KMWorld CRM Media Streaming Media Faulkner Speech Technology Unisphere/DBTA ITIResearch.com
PRIVACY/COOKIES POLICY
Other ITI Websites
American Library Directory Boardwalk Empire Database Trends and Applications DestinationCRM EContentMag Faulkner Information Services Fulltext Sources Online InfoToday Europe Internet@Schools Intranets Today ITIResearch.com KMWorld Library Resource Literary Market Place OnlineVideo.net Plexus Publishing Smart Customer Service Speech Technology Streaming Media Streaming Media Europe Streaming Media Producer



For commercial reprints or PDFs contact David Panara (dpanara@infotoday.com)
Periodicals > Link-Up Digital
Back Forward
 




Helping Site Visitors Find What They’re After
by Reid Goldsborough

Link-Up Digital
September 15, 2006

Being able to quickly find information you’re looking for on the Web is one of the key computing skills you can have. Similarly, helping visitors quickly find information on your site is one of the key ways you can make their experience a positive one.

When designing or redesigning a site, you should think about how you access Web sites yourself. When you’re pressed for time (as everyone is these days), you want to know immediately why you should stick around a site. The same rule applies with your own site—instead of relying strictly on fancy graphics and animations, which often just slow visitors down, you should use meaningful headlines, subheads, and links to communicate what it is you’re offering.

If your site consists of more than a few pages, one thoughtful touch is to provide a site map that displays all the interior links for those who want to get their bearings from the outset.

For larger sites, one of the best tools you can provide is an internal search engine, which lets visitors home in on just what they’re after from the get-go. Instead of drilling down from one link to the next, they can simply type in their search criteria.

Regardless of which internal search tool you use, you should prepare your site so that the tool will return results that clearly indicate the content you have on a particular page. This will also help searchers find specific content you offer when they use Google and other external search sites. This involves using “metatags.”

Every Web page should have a title tag. A title is different from the headline at the top of the browser window. Instead, the title shows up on the bar at the top of the screen next to the browser logo, and it receives the highest weighting by Google and other search tools.

You create a title tag in the <HEAD> section of a Web page. The best title tags consist of two or three keyword phrases. Each phrase consists of one to three words, separated by a hyphen, and clearly spells out what the page is all about. You should choose keyword phrases that searchers will most likely type in. Here’s an example:

<TITLE>keyword phrase one - keyword phrase two</TITLE>

You should also use a meta description tag, which should describe the page in a sentence that you place within quotation marks. It’s what searchers will see after the title in the list of results. If you don’t use a meta description tag, searchers will see the text around the first occurrences of the searched-for term instead. This may not provide enough information.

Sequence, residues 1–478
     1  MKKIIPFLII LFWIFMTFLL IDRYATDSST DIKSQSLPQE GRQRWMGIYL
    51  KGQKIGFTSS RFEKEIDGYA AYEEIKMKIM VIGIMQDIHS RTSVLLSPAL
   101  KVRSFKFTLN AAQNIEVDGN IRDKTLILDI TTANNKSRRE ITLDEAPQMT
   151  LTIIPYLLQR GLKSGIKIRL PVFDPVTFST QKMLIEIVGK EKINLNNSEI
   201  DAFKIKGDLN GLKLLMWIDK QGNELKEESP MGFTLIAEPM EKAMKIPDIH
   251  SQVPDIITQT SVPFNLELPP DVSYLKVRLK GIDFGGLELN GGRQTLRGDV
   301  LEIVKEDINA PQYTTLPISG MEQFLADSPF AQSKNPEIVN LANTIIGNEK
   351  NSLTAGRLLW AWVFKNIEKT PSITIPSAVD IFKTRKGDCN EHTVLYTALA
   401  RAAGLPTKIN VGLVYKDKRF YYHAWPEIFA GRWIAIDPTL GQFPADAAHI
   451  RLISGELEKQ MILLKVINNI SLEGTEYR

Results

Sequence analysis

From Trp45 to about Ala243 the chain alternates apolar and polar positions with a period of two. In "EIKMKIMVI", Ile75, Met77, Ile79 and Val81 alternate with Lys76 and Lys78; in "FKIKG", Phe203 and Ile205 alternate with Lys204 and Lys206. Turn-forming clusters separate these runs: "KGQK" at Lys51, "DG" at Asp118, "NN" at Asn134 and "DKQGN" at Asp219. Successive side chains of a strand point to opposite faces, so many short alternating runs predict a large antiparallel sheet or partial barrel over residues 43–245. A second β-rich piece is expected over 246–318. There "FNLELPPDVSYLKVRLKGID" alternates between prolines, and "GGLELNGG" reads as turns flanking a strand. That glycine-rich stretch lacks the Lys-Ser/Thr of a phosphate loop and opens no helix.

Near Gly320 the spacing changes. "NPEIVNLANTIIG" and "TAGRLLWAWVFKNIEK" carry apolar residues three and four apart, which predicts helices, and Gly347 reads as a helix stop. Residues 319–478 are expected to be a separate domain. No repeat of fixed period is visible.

The meta description tag should be placed after the title tag, and it looks like this:

<META NAME=“Description” CONTENT=“This is a sentence that describes the content on this page.”>

You have lots of choices for internal search engines. The Web-design software you use may include its own built-in search tool. Your Internet service provider or Web host may also provide such a tool. The quality of these tools varies widely, and it can make sense to try a few. The internal search tool provided by Microsoft FrontPage, for instance, is clunkier than most.

One highly recommended, well-reviewed external search service is Picosearch (http://www.picosearch.com). It offers four different plans: There’s a free plan for sites of up to 250 pages (it displays Picosearch sponsors as part of the search results) as well as paid plans for sites that have 3,000 pages, 6,000 pages, or millions of pages.

Even the free plan lets visitors search by specifying any word, all words, and the exact phrase or by using Boolean expressions such as “apples AND oranges NOT bananas.”

If you happen to be at a site that doesn’t have an internal search engine, all is not lost. You can use Google not only to search the Web as a whole, but also to search through an individual site.

At Google’s opening page, click on “Advanced Search,” to the right. Go down to the line that begins with “Domain.” Type in the part of the Web address of the site you’re at after “www” if the address begins this way. The domain you type in will end with “com,” “org,” “edu,” or something similar. Go back to the top of the page and after “Find results” type in your search criteria.

Seek and ye shall find.


Reid Goldsborough is a syndicated columnist and author of the book Straight Talk About the Information Superhighway . He can be reached at reidgold@comcast.net or http://www.reidgoldsborough.com.

       Back to top